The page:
Covid lockdown must be observed in spirit not just the letter of the law – Scotsman comment
It has been entirely understandable during the long months of lockdown that various different sectors of the economy have complained about the way they have been treated and called for restrictions that affect them to be lifted or eased.
They have every right to do so and to make a case to be allowed to continue to operate in a way that is safe. In fact, they almost have a duty to speak out, because criticism, if constructive, can help governments make better decisions. Our political masters are not all-seeing and all-knowing and they need help from society at large. Democracy is a two-way street between politicians and people and should never be treated as a top-down process.
However, given a 30 per cent rise in the number of Covid cases requiring hospitalisation over the last two weeks, it is a mistake to get so caught up in complaints following the toughening of restrictions that we allow this snowball into a catalogue of pleas for special exemptions that ignore just how serious the situation now is.
The unavoidable reality is that this deadly virus is once again threatening to overwhelm our hospitals – as of yesterday there were 1,347 people with the virus in Scottish hospitals, compared to 1,520 during the peak in April, and one health board, NHS Ayrshire and Arran, was yesterday reported to be just 12 Covid patients away from breaching its bed capacity.
So it is vitally important for everyone to pull together and play an effective part in our collective response.
Avoiding a general mood of complaint about these onerous restrictions on our customary freedoms relies on good leadership and for society’s role models to be good ones. That is why Dominic Cummings should have been sacked long before he left Downing Street and why breaking the Covid rules is a resignation issue for politicians and senior civil servants.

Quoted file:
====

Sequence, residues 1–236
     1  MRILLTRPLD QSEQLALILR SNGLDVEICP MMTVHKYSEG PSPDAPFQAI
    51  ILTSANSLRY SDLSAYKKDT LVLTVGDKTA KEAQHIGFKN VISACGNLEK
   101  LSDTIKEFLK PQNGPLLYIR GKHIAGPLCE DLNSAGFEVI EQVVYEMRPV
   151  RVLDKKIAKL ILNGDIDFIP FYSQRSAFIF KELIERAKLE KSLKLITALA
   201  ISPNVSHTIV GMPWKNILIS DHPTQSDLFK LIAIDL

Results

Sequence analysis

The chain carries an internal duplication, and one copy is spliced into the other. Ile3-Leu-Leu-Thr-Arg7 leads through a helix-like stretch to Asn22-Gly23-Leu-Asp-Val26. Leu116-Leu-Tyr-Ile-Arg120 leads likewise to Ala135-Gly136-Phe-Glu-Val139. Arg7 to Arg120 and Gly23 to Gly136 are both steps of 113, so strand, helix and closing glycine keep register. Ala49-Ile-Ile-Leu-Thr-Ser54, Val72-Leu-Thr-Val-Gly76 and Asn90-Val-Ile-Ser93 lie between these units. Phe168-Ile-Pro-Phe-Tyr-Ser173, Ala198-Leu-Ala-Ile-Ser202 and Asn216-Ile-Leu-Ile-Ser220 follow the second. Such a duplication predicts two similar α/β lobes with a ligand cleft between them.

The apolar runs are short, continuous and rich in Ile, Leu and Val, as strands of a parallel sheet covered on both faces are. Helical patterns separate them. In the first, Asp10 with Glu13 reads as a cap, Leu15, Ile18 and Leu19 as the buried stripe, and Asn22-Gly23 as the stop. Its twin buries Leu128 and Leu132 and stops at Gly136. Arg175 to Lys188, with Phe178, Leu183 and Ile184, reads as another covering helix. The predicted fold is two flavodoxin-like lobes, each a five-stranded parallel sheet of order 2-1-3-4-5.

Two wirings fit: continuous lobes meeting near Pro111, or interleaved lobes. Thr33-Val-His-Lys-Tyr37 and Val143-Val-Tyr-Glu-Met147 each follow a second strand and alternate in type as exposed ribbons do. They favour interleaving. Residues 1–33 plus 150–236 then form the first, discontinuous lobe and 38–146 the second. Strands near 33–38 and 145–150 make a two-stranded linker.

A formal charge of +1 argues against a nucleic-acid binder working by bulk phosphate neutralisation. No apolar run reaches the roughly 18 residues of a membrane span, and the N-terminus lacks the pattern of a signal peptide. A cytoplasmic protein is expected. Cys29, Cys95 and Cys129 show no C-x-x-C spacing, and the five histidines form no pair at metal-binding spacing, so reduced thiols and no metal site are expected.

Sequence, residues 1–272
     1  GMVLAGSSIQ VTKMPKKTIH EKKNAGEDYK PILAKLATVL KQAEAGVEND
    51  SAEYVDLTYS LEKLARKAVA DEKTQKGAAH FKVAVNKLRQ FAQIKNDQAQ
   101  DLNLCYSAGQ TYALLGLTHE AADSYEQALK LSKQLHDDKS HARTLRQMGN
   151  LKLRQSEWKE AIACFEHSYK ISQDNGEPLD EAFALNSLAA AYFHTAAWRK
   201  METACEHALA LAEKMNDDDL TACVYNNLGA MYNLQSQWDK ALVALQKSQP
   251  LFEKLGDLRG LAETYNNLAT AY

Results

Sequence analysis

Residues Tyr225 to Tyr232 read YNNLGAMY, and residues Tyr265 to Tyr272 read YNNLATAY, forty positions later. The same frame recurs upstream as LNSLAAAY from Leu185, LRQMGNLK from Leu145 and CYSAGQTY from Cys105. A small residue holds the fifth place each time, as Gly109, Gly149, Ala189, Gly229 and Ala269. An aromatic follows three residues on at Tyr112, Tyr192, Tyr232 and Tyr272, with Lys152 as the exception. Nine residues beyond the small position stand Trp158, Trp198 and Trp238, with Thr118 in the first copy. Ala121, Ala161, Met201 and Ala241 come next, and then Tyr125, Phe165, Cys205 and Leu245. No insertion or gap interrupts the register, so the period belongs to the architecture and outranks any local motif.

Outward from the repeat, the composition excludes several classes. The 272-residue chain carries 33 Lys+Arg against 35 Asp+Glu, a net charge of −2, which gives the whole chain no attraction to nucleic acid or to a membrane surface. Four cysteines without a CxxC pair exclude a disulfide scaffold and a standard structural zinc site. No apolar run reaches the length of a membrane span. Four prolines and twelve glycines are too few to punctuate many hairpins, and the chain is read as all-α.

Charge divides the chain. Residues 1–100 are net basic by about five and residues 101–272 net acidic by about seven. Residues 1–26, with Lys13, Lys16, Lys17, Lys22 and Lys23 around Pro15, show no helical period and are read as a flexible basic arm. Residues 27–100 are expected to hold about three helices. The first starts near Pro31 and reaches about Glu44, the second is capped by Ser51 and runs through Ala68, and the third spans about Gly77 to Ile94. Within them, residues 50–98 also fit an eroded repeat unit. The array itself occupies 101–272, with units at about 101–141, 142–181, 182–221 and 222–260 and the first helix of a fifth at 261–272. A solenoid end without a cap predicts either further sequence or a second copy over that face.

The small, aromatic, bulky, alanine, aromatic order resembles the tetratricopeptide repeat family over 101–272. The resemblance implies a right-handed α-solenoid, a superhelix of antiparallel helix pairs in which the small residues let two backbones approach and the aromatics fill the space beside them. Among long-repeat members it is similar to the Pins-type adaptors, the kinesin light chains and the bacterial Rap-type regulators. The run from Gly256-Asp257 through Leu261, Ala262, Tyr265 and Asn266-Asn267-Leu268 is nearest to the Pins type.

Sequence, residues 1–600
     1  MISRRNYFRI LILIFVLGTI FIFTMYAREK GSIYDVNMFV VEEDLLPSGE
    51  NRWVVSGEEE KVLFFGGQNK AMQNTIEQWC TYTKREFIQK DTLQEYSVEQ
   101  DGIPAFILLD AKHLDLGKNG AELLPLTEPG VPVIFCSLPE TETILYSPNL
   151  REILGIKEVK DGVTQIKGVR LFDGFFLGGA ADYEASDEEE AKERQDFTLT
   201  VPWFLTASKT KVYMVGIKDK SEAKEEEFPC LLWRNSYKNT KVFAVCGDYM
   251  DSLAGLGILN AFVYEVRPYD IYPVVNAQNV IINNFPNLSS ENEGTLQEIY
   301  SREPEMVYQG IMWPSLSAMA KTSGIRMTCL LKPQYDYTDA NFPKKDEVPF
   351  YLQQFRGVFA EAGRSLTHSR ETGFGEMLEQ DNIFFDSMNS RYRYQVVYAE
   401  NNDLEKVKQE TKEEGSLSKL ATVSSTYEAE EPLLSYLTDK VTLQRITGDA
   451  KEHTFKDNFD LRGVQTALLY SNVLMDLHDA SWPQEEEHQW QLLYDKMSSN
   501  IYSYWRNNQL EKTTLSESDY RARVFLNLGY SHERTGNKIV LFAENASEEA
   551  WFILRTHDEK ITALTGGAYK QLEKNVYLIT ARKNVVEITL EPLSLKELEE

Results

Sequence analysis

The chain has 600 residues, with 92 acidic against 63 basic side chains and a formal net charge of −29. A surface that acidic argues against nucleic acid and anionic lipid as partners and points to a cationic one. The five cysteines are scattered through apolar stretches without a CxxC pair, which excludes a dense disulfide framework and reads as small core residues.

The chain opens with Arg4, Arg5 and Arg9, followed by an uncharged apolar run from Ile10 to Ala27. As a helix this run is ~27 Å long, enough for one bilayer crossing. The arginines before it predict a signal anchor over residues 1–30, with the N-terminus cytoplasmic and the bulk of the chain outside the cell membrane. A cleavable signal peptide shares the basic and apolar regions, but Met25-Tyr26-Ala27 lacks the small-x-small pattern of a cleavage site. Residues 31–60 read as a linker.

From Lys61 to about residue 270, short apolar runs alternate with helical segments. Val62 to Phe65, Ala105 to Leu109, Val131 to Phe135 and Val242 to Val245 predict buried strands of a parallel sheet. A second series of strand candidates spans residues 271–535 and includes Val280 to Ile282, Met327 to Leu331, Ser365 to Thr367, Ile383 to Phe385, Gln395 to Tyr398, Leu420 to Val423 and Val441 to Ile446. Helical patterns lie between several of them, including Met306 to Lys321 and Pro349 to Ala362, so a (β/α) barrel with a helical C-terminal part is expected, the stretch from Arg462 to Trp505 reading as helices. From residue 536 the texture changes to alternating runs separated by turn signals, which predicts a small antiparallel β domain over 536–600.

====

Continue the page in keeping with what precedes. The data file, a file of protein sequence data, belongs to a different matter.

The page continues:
And this has to be about more than simply following the letter of the law. Celtic football club has stressed that its controversial warm-weather training camp to Dubai had been “approved by all relevant footballing authorities” and was within the Scottish government’s guidelines.
However, it hardly sets a good example and was a poor decision. Given it could be argued football has already been given special treatment – partly because people miss it so much – many may view the decision to take the trip, while the rest of us are stuck at home, as taking a considerable liberty too. Nicola Sturgeon said the situation would be looked into and added: “For me, the question for Celtic is what is the purpose of them being there?” What indeed.
As individuals, organisations and a nation in these troubled times, we should not always be pleading our own case or looking for things that we can do but should not, but instead try to go above and beyond in our efforts to stop the spread of this awful disease.
That involves taking personal responsibility for our actions and making common sense decisions about what is reasonable and what is not on a daily basis.
In contrast to some in the football world, Scotland’s other national sport, golf, is winning plaudits for its efforts. Scotland is now the only country in the UK and Ireland where golf courses are still officially open, wintry weather permitting, despite the reimposition of the strict lockdown.
That is partly because golf has not been identified as a problem area for Covid transmission. If it was, it would have been shut down.
It may be ideally suited for two individuals to play while maintaining social distancing, but, as our correspondent Martin Dempster has pointed out, the decision to allow the sport to continue is a credit to its efforts. And not all of them will have been directly mandated by the powers that be.
This is tough, the toughest time many have faced, but the mass vaccination programme is rolling and the end is in sight. It will come sooner if we all work together.
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